We examined whether the cannabinoid receptor agonist WIN55,212-2 (WIN; 5 mg/side) microinjected into the hippocampus or the amygdala would differentially affect memory processes in a neutral vs. an aversive task. In the aversive contextual fear task, WIN into the basolateral amygdala impaired fear acquisition/consolidation, but not retrieval. In the ventral subiculum (vSub), WIN impaired fear retrieval. In the neutral social discrimination task, WIN into the vSub impaired both acquisition/consolidation and retrieval, whereas in the medial amygdala WIN impaired acquisition. The results suggest that cannabinoid signaling differentially affects memory in a task-, region-, and memory stage-dependent manner.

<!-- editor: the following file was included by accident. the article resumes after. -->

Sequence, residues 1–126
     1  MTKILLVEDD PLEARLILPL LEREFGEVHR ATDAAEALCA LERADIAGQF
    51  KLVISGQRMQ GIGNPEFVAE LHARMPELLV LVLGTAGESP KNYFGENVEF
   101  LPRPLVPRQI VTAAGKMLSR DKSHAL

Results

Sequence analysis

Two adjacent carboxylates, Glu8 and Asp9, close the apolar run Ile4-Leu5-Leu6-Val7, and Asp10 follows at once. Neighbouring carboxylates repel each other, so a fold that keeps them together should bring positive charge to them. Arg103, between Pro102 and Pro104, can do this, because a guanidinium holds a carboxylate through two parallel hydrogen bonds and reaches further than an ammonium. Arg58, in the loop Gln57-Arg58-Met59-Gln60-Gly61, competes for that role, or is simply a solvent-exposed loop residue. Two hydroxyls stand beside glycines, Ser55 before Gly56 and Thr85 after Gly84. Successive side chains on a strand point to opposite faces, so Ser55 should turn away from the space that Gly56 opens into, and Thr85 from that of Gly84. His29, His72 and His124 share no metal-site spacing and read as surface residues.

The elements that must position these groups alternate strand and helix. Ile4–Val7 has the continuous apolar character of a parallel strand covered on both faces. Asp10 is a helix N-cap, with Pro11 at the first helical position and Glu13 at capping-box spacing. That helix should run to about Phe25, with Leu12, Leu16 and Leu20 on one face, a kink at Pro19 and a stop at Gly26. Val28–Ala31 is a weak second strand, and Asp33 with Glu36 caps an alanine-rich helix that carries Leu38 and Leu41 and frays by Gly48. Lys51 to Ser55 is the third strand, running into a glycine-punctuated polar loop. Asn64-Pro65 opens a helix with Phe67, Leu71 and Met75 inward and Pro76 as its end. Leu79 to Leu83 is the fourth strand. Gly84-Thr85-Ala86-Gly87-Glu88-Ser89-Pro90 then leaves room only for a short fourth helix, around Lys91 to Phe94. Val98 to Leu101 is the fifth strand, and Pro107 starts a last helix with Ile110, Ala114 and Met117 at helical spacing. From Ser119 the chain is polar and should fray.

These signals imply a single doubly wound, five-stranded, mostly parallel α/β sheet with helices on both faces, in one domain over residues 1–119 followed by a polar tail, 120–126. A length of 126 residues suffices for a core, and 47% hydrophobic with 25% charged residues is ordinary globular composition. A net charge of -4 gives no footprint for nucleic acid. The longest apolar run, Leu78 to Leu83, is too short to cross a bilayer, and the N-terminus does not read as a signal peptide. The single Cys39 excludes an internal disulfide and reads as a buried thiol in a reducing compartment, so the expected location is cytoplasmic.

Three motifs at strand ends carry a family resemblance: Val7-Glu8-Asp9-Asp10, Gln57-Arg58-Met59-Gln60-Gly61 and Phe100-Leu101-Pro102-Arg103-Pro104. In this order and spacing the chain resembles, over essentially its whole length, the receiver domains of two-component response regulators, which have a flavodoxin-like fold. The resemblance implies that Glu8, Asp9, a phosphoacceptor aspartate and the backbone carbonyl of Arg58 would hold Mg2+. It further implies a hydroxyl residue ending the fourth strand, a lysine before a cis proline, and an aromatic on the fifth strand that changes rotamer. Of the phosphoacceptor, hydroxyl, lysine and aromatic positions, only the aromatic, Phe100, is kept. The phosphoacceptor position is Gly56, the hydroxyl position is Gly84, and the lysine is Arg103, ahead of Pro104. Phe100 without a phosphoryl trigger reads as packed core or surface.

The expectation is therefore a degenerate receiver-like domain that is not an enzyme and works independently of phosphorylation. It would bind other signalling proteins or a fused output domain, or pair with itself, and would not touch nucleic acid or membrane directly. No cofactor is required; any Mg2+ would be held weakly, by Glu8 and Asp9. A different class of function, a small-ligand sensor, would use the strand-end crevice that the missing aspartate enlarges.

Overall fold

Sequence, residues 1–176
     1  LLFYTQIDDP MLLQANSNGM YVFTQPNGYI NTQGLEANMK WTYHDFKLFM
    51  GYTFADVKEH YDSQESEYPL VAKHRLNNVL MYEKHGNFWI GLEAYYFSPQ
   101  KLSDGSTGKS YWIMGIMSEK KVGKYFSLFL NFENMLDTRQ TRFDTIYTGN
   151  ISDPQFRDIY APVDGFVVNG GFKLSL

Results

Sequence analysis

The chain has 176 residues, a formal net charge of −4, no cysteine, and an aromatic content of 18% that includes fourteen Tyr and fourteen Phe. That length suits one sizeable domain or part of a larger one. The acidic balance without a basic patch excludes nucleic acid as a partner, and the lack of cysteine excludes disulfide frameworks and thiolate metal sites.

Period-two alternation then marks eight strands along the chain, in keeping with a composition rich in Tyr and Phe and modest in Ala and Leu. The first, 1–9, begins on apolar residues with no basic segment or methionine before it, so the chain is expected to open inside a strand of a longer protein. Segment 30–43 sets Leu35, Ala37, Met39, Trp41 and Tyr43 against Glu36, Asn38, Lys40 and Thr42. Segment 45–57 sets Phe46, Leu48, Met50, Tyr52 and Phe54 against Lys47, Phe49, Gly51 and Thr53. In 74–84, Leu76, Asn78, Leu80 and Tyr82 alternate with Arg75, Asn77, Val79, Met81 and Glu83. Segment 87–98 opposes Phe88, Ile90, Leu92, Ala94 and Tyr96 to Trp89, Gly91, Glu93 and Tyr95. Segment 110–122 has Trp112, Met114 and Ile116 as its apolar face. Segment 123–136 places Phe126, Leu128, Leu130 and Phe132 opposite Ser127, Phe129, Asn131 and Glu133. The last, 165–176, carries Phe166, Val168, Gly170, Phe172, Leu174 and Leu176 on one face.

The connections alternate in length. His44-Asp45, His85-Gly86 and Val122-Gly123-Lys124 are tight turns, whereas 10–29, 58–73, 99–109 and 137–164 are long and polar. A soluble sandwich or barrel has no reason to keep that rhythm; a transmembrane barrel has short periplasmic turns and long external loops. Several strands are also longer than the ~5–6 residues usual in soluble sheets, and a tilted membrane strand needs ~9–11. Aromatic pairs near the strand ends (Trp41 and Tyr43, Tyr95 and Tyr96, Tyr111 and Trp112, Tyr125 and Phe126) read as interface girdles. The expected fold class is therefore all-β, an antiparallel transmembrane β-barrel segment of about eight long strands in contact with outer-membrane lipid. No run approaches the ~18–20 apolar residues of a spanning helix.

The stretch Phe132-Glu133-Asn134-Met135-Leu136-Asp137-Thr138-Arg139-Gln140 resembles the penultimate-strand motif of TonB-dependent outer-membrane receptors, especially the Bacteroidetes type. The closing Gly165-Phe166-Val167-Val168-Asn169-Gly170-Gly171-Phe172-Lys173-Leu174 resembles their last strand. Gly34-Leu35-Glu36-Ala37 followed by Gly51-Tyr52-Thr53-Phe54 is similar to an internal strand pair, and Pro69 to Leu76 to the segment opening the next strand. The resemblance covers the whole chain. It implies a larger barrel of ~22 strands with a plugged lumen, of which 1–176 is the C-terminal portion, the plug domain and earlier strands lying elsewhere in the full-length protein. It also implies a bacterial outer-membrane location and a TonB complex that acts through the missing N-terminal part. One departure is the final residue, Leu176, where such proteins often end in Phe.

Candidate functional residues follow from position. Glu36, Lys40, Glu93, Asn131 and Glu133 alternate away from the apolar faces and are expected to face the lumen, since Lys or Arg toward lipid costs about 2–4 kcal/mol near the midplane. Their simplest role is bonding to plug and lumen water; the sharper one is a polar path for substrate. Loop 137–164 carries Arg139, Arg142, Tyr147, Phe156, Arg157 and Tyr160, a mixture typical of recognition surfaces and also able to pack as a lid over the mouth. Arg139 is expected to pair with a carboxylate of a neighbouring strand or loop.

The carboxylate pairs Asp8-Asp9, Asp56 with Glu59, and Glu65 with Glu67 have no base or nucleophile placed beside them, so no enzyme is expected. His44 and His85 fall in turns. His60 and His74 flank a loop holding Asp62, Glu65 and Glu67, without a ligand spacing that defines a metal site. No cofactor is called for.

ASJC Scopus subject areas
- Neuropsychology and Physiological Psychology
- Cognitive Neuroscience
- Cellular and Molecular Neuroscience